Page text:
Bookseller Peter Masi of Montague, Mass., has exhibited at Papermania since about the second show, he said. “The winter show has always been more robust than the summer show,” he observed. “Summer can be a challenging time for a show, and Hartford seems a bit deserted – people are on vacation and there are many shows in more vacation-oriented locations.

“So, yes, I’ve watched the gradual attrition of exhibitors and public, and it was certainly evident this weekend. I’m involved in running several two shows in Massachusetts, and it takes greater effort every year to assemble a roster of exhibitors and attract public attendance.

“That said, as sometimes happens, when the pie is smaller and fewer to serve, the portions might be larger. My sales were better than many years, and some other dealers reported similar results. There was plenty of intra-trade activity,” said Masi, who added that he plans to continue to exhibit at the show.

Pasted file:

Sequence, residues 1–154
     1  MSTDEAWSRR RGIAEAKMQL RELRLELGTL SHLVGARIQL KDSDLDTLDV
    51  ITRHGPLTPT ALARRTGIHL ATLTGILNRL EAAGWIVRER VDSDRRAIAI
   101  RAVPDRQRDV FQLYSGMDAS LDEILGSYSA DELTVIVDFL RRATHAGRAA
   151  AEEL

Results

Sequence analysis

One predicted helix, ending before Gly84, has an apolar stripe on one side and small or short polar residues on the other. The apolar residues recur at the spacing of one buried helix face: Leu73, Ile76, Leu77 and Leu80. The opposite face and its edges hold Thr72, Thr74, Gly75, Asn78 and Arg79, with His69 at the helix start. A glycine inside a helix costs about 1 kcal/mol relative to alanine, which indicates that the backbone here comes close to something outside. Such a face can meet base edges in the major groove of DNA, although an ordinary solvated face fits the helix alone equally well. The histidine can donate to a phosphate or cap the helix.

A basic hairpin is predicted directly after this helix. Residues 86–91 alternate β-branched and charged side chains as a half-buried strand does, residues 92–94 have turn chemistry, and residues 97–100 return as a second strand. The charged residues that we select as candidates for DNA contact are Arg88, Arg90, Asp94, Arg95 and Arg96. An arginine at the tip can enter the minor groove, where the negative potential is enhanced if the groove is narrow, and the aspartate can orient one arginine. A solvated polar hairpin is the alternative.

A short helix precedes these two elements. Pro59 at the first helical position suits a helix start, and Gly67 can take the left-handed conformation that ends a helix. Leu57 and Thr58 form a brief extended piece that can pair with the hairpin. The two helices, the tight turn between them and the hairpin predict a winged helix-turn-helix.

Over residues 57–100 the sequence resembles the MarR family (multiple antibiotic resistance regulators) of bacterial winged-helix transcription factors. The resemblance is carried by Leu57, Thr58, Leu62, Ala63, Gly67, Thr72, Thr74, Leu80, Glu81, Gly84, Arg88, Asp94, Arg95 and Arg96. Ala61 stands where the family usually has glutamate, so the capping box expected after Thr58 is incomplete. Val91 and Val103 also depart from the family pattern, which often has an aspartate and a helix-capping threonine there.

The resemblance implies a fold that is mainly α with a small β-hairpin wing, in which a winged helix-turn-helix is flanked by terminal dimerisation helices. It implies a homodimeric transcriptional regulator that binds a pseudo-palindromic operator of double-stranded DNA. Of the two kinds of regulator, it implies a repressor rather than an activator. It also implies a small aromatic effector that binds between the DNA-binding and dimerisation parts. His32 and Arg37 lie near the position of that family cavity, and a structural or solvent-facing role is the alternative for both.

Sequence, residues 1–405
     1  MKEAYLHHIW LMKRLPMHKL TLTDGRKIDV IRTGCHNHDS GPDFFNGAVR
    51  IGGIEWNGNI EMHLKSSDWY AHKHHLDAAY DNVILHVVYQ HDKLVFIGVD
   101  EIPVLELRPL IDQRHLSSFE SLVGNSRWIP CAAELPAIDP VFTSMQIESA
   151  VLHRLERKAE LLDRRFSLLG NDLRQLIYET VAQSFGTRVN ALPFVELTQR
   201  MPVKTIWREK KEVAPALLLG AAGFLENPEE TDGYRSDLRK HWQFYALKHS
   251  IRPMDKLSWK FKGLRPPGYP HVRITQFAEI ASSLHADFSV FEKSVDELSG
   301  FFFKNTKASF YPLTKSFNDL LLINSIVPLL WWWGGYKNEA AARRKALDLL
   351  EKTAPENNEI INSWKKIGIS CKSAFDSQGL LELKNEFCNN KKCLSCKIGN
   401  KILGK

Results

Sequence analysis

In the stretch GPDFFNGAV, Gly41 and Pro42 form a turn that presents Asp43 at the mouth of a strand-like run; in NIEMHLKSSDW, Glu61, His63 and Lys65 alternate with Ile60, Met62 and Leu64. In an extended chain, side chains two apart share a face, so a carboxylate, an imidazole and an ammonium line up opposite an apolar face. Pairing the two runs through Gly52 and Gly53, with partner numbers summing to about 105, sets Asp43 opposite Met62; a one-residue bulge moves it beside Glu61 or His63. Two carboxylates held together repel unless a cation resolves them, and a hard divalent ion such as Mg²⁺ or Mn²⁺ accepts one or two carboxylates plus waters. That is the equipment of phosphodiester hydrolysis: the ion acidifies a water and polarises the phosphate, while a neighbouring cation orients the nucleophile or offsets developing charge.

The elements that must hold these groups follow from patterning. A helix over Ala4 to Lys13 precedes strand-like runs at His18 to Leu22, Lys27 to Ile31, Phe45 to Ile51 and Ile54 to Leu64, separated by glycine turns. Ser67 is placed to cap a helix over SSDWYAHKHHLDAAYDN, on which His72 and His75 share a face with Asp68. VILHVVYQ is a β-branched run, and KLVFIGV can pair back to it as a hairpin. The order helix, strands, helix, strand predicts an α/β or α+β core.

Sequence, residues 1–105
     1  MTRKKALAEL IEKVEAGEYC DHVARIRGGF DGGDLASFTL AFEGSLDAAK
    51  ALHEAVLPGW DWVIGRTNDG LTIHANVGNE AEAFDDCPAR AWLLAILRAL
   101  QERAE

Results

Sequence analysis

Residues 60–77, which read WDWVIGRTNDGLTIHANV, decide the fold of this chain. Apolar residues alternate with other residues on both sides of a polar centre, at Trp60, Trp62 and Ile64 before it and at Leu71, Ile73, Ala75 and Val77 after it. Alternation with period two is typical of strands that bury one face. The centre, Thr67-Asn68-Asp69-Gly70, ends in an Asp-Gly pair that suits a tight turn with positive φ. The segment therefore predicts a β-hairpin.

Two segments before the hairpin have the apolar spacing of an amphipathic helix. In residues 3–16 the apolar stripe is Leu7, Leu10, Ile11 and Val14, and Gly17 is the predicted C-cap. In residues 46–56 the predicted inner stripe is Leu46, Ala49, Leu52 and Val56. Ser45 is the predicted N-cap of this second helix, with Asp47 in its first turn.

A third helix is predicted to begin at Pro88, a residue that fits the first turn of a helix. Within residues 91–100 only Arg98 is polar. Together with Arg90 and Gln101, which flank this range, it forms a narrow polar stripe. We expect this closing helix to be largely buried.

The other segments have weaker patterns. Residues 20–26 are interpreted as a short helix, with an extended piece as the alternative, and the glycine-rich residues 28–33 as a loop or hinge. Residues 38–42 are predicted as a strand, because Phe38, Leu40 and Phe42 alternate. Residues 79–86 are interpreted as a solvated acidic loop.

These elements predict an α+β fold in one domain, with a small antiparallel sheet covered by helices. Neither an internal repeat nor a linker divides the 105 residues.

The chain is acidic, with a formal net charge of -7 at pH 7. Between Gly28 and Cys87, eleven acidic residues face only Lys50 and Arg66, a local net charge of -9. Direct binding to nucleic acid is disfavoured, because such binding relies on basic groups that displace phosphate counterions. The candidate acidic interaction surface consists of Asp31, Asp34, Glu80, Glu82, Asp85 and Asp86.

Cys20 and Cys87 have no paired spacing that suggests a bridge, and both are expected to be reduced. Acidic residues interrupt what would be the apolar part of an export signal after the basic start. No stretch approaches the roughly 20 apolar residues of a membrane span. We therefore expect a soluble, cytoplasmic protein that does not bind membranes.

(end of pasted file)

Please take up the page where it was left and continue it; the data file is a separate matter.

“Our biggest challenge is creating ‘customer awareness,’” said co-producer Gipstein, who added that he and Shea continue to look at new ways to enhance the event’s visibility among millennials and baby boomers via social media platforms like Facebook, Twitter and Instagram. “My parents [Arlene Shea and the late Paul Gipstein] laid a great foundation, insisting on professionalism and great quality,” said Gipstein.

“Our dealers did very well,” concluded Hillcrest Promotions’ Shea. “They signed up not only for the January show but for next August as well.”

The next Papermania Plus is scheduled for January 6-7, and the 2018 summer show will be August 25-26. For additional information, 860-563-9975 or www.papermaniaplus.com.